Site Intro

This site is designed to teach the most basic elements of DSLR photography in the most simple way possible with examples to illustrate. The goal of the site is so that photographers new to DSLR photography from either proper point-and-shoot cameras or cell phone cameras are able to begin to maximize what DSLRs are capable of beyond their full-auto and pre-program modes (which are not covered here).

I am a Canon shooter, but you should choose whatever DSLR you use based on your personal preference. I will reference Canon and Nikon specifically as they are the most widely used, but everything here is applicable to every DSLR on the market today (as well as advanced point-and-shoots and mirrorless cameras that allow these adjustments). Please note! As this is not a "How to Use [X] Camera" site, I cannot possibly cover how to change each of the functions below on your particular camera. This site is best used in conjunction with your instruction manual, so that you can see how to make the adjustments below on your own camera.

Please see the labels right above this text to skip to various aspects of DSLR photography such as ISO, Aperture Priority, Etc. I have lettered these labels in the order that I believe they should be covered (although F. and G. could be switched) - so it's best to start with A. and go down the line.

Thanks for reading!


A Word on Autofocus

There are three focusing options on pretty much all DSLRs:

1. Auto Autofocus
2. Manual Autofocus
3. Manual Focus

Number 1 is the AF default: the camera will automatically focus on what it automatically chooses to focus: push down the shutter button halfway to autofocus.  Depending on your camera, it will communicate to you when your photo is in focus: usually by either flashing one of the sensors in your viewfinder, or something similar.  Check your instruction manual if this is not entirely clear to you.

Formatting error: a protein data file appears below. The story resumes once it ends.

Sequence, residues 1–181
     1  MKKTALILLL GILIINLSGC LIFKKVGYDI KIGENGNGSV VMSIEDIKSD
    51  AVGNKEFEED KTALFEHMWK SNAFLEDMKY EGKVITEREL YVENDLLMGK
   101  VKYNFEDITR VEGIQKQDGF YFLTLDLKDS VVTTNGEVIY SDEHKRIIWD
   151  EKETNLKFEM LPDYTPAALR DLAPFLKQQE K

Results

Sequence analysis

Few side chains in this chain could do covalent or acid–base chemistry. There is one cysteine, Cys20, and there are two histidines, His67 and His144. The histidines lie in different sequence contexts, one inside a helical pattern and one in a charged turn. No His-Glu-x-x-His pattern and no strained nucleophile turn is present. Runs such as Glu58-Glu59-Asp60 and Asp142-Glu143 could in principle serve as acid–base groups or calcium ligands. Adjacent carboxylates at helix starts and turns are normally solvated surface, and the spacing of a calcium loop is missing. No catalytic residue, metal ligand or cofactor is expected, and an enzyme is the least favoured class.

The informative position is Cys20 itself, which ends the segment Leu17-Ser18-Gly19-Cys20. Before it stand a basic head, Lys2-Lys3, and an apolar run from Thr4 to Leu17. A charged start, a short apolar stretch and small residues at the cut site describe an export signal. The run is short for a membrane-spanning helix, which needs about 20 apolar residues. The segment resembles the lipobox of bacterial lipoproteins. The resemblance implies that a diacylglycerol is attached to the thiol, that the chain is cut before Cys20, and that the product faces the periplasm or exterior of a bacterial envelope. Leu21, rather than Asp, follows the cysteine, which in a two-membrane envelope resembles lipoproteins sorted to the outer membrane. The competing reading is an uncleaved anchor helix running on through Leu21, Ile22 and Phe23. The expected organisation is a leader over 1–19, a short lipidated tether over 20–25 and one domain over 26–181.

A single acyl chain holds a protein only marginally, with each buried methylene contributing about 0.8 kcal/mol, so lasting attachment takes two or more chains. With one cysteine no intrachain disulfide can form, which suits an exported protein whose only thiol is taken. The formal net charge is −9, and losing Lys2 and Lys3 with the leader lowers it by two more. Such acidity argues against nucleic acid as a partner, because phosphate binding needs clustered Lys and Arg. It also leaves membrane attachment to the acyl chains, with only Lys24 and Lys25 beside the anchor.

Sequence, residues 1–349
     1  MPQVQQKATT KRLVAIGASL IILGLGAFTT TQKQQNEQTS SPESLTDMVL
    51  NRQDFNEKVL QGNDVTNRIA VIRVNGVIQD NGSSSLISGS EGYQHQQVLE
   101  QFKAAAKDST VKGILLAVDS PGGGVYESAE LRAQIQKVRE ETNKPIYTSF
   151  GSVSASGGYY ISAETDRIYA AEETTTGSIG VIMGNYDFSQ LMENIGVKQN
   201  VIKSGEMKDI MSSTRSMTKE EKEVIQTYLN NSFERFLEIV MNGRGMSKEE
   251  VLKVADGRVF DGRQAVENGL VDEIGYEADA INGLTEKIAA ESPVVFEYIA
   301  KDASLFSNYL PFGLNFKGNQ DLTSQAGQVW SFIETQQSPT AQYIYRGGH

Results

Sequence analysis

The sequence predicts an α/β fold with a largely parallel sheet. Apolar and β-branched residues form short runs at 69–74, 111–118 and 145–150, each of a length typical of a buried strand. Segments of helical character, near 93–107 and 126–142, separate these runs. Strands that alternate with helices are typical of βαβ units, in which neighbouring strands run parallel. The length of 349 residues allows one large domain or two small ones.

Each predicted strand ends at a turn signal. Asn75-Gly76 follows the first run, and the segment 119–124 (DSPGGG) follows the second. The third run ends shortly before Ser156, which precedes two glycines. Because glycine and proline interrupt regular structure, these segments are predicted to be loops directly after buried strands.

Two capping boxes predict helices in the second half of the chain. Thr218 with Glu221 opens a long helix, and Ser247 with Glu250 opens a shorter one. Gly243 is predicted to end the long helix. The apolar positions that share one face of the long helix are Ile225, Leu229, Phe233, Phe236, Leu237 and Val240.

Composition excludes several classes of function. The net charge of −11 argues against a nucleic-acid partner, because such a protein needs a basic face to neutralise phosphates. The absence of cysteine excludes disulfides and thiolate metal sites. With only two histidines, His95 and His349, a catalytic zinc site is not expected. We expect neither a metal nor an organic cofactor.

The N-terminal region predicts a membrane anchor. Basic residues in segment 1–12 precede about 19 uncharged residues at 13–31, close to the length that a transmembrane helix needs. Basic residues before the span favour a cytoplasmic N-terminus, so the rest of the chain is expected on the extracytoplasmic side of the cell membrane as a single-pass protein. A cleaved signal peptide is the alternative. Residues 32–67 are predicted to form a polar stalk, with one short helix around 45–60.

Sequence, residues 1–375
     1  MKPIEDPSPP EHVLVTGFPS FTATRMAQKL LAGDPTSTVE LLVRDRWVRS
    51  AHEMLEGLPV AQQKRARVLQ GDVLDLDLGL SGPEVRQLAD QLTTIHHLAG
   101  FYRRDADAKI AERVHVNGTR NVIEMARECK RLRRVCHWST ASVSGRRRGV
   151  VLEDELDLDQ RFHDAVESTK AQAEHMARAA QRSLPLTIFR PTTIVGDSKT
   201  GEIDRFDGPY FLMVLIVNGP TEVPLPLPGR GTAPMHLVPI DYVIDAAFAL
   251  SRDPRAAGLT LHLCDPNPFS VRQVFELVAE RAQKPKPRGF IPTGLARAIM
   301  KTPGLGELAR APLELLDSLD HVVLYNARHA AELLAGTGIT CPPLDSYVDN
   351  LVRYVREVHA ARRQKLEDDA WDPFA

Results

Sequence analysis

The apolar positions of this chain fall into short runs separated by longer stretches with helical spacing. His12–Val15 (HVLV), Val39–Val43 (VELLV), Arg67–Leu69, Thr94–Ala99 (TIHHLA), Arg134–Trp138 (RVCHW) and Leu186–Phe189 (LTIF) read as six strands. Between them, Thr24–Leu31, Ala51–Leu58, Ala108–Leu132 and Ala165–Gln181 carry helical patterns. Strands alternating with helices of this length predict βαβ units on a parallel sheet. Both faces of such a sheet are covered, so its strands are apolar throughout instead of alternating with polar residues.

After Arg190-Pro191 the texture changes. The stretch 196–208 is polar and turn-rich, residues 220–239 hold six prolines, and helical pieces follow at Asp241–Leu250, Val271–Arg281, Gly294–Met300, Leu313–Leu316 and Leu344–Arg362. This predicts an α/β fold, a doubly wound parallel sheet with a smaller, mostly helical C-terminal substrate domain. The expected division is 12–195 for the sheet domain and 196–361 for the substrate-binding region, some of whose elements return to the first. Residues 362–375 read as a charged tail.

Number 2 is halfway: the camera will automatically focus for you, but you tell it which specific area of the photo that you want to focus on.  For example, on Canon cameras with a 9-point AF system, you tap the AF selection button and then use either the thumb nubbin or the control dial to choose which AF point you'd like to use. Again, this will vary by camera: if you're not sure about yours, check your instruction manual.  If there's no AF sensor near where you want the focus to be once you've composed your photo, no problem: just put one of the sensors over your subject matter, hold the button down halfway to focus on that object, and then while continuing to hold the button down halfway, recompose your photograph.

Number 3 is easy: for entirely manual focus, flip your lens' switch from "AF" (autofocus) to "MF" (manual focus).  Simply turn your lens' focusing ring, and when the subject matter comes into focus in your viewfinder, you're set to go.  Many lenses made now allow you to use your lens in manual focus even when switched onto AF - check your lens' instruction manual before doing this though.

Don't bother with manual focus unless you have good reason: for example, if you're in a low-light situation photographing something still (like a cityscape) and the camera is having a hard time auto-focusing.  Otherwise, default to one of the autofocus settings.

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